Why is portal site always second to Naver?
By Cho Mu-hyun
Ironically, Web portal Daum, meaning “next” in Korean, has been second in line behind domestic rival Naver throughout the last decade.
The last time, and with all probability the only time, it was undisputed top-dog of the Korean Internet market was when it was founded in 1995 and saw a spectacular rise from then on.
When information technology was bustling here with strong backing from the government to become one of the most wired countries in the world, Daum Communications offered the first free domestic email service in 1997, and launched its Web portal and still popular Internet forum Daum Cafe in 1999.
Since then, the pioneer of the domestic Internet community has always been a runner-up to Naver. Public views of Daum and its anxiety in recent years were well expressed in an incident in November.
When Eric Schmidt, then Google’s chief executive, visited Korea to talk with policymakers and company CEOs, speculation rose that Daum Communications’ founder and major stockholder Lee Jae-woong was among the people he would visit.
There were rumors that the two were planning talks on Google’s purchase of Daum. Lee strongly denied the rumors via Twitter, and slammed media outlets and reporters asserting it was careless fact checking. Nonetheless, Daum’s reputation as an “affordable company” due to various investment firms holding its shares was unbecoming of the first domestic Internet business to be listed on the KOSDAQ.
“There was some cooperation between Google and Daum in the past, and that was the reason for the rumor,” said Thomas Kang, a research director at Strategy Analytics. “Lee Jae-woong’s strong denial can be seen as a strategy to avoid losing consumers, who are usually not positive on mergers and if they happen, leave to look for other providers of the same service.”
Daum, cornered by Naver in Web services and Google in the recently rising mobile market, is desperate to diversify its portfolio and find a niche amid the monopoly of its two rivals. It has ventured into television and released Daum TV this month, which has received negative reviews by consumers.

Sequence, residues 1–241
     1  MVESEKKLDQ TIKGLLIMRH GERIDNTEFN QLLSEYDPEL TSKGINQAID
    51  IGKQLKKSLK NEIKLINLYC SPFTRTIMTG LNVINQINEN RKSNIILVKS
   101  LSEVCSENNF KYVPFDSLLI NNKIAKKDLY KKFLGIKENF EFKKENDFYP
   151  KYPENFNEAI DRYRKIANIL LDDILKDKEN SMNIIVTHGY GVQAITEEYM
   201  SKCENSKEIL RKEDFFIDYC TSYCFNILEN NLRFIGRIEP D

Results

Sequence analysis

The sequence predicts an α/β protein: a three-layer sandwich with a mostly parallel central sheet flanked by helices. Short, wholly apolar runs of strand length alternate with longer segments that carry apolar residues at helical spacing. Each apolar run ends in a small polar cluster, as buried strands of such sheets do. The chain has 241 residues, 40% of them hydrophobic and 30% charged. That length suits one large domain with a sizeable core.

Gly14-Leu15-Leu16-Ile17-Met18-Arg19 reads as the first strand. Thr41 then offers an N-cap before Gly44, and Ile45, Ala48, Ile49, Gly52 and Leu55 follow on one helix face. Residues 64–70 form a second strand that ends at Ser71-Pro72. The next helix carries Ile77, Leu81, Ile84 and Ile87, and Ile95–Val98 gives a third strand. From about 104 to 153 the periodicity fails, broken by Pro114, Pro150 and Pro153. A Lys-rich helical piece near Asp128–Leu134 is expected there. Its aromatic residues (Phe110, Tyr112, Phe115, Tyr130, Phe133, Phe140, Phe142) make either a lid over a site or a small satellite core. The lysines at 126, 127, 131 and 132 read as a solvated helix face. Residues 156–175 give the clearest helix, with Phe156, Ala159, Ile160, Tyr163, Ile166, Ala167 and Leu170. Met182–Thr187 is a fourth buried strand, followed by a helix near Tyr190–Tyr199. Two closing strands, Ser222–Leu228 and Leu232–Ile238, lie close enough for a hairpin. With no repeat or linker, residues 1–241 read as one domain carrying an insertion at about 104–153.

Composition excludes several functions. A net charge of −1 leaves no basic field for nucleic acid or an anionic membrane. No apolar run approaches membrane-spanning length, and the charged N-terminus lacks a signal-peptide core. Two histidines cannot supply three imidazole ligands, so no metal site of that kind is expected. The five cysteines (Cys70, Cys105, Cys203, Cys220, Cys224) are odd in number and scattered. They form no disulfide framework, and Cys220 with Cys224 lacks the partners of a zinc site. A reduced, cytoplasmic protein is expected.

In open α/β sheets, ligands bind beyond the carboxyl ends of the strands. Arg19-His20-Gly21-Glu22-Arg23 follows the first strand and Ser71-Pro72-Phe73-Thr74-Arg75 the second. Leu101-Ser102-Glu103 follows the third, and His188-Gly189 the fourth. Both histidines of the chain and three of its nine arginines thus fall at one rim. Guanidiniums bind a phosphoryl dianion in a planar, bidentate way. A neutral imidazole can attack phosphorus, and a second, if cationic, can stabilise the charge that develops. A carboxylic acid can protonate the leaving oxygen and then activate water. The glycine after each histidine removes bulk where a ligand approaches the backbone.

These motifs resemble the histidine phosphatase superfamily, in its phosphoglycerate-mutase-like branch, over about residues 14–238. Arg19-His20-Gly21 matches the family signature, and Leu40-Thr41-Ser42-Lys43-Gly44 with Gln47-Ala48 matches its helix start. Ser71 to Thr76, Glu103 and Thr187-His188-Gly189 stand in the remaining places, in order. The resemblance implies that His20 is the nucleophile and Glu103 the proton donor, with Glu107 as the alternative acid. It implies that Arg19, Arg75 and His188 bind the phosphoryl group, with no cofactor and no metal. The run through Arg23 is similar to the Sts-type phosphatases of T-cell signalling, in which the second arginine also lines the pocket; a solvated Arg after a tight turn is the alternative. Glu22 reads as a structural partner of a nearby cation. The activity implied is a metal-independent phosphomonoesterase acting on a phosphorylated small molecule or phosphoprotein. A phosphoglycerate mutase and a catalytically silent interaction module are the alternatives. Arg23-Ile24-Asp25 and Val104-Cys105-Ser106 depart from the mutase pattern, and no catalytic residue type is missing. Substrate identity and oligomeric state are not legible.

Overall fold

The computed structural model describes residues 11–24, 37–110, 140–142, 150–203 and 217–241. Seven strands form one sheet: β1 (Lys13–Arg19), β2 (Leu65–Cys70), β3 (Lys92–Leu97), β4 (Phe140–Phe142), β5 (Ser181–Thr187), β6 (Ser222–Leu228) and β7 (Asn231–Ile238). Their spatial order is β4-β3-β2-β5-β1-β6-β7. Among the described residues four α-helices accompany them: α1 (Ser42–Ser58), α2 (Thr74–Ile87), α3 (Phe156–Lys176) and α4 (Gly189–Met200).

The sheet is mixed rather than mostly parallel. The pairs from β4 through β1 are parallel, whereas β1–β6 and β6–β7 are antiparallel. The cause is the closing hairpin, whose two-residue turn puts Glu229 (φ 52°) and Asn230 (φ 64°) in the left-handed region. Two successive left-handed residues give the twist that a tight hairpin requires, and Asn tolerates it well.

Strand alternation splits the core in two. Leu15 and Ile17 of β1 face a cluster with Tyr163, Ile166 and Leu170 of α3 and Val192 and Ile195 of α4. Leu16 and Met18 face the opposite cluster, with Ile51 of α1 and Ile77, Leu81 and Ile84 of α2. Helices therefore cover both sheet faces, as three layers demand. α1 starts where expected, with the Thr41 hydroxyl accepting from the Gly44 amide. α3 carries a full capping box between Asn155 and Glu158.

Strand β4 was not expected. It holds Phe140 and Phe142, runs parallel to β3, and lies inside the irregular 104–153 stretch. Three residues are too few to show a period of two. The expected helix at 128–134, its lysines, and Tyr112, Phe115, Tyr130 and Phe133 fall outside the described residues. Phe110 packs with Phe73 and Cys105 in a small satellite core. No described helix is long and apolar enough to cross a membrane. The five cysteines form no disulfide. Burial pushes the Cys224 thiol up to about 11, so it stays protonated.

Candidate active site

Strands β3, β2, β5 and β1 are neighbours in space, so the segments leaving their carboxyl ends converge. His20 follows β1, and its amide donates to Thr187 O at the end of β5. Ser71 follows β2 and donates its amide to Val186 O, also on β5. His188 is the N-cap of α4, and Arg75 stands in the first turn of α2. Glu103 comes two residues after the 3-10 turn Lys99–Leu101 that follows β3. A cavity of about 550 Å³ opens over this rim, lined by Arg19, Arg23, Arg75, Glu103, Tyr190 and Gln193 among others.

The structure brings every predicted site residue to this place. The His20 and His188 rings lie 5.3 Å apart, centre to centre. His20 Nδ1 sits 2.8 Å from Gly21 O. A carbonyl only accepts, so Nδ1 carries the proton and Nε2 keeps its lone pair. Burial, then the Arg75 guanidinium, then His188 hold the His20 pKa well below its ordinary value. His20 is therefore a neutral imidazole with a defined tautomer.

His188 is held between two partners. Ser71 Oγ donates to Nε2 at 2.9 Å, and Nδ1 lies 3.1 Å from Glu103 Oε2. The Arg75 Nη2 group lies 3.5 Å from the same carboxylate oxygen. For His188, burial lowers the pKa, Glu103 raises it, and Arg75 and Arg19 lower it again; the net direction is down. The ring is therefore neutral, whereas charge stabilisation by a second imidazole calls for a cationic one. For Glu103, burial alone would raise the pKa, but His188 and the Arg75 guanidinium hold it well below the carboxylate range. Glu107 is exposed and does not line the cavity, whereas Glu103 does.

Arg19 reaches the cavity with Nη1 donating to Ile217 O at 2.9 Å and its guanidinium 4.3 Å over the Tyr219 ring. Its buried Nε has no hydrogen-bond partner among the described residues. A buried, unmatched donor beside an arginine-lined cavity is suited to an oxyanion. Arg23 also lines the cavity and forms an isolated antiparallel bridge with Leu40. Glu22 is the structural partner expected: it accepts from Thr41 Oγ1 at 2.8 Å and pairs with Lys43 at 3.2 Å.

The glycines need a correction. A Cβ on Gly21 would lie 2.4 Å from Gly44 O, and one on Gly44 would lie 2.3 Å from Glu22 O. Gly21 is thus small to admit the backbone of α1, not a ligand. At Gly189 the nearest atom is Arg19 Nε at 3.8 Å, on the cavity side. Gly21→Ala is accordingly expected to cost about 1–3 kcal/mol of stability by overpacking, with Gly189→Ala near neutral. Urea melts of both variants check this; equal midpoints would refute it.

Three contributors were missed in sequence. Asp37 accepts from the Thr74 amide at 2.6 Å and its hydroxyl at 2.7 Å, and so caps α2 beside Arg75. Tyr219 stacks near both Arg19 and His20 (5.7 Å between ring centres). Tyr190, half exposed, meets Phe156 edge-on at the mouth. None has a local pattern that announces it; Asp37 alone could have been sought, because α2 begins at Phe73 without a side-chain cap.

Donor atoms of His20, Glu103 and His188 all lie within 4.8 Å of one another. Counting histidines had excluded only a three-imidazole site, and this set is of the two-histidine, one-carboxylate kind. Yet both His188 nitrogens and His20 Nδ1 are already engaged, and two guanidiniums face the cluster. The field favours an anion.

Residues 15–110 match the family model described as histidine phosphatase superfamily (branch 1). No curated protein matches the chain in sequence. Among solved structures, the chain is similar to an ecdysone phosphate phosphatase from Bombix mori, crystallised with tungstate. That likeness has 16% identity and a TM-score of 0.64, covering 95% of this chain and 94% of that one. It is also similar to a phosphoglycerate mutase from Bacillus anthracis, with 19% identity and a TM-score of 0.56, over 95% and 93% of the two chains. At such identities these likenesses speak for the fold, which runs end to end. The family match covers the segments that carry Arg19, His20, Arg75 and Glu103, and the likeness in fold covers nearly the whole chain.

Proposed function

“Daum and Naver started similarly, both with their own strengths and weaknesses. Daum had more users thanks to its email and forum services. But Naver started an auction system for its advertisements, which allowed companies to post their commercials in designated locations for maximum exposure for the right price,” said Kang.
“The strategy differentiated Naver from Daum, and advertisement companies flocked to Naver which provided it with vast funds that eventually allowed it to equalize in forum services and develop blogs against Daum.”
The vast funds also allowed Naver to invest in its brand. Daum reinforced its services against the rise of Naver, but eventually lost in
marketing due to the vast difference in capital.
In statistics released by Nielsen KoreaClick, Daum marked 27.69 million unique visitors in March, behind Naver’s 30.88 million. The number of visitors has remained more or less in the 27 million range during the past five years since 2007, around the time Naver cemented its position as the No.1 search engine.
According to its own survey, Daum posted a net profit of 418 billion won in 2011, a rise from 345 billion won in 2010 and 244 billion won in 2009. But Naver secured 2.1 trillion won for 2011, near five-fold Daum’s profit for the same year.
Besides marketing, another Seoul-based analyst, who requested anonymity, pointed out that Daum made some investment choices that were in retrospect perhaps “too ahead of their time.”
In 2006, when Daum, Naver and Yahoo Korea were competing for supremacy, the two domestic competitors took very different roads to gather more users. According to the analyst, Daum, rightly expecting a rise in video and animation content that are now widespread, invested heavily in the sector. Naver focused on enhancing search services and created Naver Knowledge-iN, which allows users to post information concerning any topic, much like Wikipedia.
“The thing about the Internet market is (its) unpredictability,” said the analyst. “Knowledge-iN was the last draw that put Naver ahead of Daum and every other domestic contender. Though the judgment is in hindsight, Daum chose the wrong market to invest in.”
Daum, not relenting in the competition, released a map service in 2009 that gave it brief momentum. Naver promptly released a similar service and thanks to its strong brand image, redirected users of Daum to its own product.
But the future is not all gloom and doom for Daum, and they still have a chance to make headway in the mobile sector.
“The focus is now on combining Internet and mobile platforms. Though the sector is dominated by Naver and Google, the fight has only just begun. Repeated failures eventually lead to success, so if there is chance for Daum, it is mobile businesses,” said Kang.